Today the executive of the Red Deer Association for Bicycle Commuting met with Mayor Tara Veer to discuss bicycle commuting in our city. We came away from the meeting feeling that there is an interest in planning more bike infrastructure in the future. However, there was such a backlash to bike lanes by those who are angry with cyclists that there is some reluctance by Council to do too much too soon. Some councillors have lamented that we, as the cycling community, were rather quiet in reaction when we should have let everyone know how important an issue it is to us. 

It is important for us to show some active support for safe cycling in Red Deer.  An easy way to do that would be to join us on a short bike ride this Saturday morning, September 13, for our fifth annual bike ride. Meet at 10:00 am at the Cultural Services Centre(3827-39th Street, the building just west of St. Thomas Aquinas School) and we will ride down Spruce Drive to City Hall. We need enough riders to get a good picture for the Advocate, and your participation would be greatly appreciated. It would be even better if you could bring a friend.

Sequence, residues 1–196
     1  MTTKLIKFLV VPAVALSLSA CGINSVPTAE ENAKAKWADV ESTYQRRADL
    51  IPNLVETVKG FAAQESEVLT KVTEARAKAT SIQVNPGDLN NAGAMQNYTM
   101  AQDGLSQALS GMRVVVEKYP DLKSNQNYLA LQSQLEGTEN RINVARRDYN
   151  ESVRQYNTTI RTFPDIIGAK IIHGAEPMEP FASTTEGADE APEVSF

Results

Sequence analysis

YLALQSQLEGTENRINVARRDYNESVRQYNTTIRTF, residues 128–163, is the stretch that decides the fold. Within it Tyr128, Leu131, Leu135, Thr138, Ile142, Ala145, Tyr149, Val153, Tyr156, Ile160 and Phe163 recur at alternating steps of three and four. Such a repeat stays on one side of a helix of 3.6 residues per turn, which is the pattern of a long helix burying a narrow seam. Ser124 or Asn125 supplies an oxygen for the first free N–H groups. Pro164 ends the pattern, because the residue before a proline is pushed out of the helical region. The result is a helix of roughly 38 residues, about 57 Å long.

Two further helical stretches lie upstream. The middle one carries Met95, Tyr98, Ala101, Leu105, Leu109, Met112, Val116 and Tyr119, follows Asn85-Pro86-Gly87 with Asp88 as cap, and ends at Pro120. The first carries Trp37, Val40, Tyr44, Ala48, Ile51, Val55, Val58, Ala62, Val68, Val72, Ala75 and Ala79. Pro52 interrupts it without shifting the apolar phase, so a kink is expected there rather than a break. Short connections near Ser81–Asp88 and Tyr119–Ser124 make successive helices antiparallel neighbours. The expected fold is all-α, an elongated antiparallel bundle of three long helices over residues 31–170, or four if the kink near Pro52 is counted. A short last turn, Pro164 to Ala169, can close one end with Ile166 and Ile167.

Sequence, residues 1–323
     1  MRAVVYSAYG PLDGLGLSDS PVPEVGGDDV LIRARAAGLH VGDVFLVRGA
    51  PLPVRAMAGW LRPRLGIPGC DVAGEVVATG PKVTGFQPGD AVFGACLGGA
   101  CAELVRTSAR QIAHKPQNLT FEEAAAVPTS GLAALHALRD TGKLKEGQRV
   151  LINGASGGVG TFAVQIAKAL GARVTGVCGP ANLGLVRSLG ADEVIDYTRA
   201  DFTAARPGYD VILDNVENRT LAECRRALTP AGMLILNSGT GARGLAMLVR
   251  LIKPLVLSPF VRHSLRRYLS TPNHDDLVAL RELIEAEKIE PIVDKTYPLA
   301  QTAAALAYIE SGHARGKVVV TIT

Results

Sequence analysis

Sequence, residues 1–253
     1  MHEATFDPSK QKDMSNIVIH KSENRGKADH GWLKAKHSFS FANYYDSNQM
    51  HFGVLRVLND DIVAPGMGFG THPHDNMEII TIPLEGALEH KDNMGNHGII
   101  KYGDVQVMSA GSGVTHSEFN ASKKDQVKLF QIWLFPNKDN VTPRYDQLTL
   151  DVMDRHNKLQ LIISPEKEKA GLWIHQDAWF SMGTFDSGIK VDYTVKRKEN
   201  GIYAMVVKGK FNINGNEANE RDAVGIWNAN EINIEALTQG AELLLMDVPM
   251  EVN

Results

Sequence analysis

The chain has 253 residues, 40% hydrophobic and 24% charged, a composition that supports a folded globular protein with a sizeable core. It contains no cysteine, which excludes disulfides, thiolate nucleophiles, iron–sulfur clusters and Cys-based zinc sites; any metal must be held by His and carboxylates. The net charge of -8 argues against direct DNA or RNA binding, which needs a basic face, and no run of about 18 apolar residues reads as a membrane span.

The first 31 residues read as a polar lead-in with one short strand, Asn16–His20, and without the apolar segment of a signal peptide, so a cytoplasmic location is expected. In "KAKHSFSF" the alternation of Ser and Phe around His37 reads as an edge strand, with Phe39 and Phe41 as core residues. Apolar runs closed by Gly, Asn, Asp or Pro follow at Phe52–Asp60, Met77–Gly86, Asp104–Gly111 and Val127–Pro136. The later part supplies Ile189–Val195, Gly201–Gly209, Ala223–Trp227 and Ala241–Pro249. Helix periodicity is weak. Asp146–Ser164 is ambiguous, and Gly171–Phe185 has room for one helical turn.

John 

 

September 11, 2014

 

Hello,

I'd like to remind you one more time that our annual Bike Parade will be running this Saturday. We'll be gathering at 10 a.m. in the parking lot of the Cultural Service Centre, 3827-39th Street. Come a bit early so we can get new members registered. We'll head west, and see where the former 39th Street bike lane is now a multipurpose trail, moving onto the street to cross 40th Ave., and from there connecting with the freshly-painted existing bike lane that will take us around and down Spruce Drive and along 48th Avenue, to City Hall Park.

We'll regroup there for a while, and then we're done!

Your participation is very important to RDABC. We need to remind the whole city that the numbers of people who commute by bike every day in Red Deer is growing constantly, and that cyclists need  safe, accesible routes to go to work, shopping and on their daily errands. So please plan to come out and join the ride — and to be a real hero bring some friends along with you, so that we can get them registered as members of RDABC.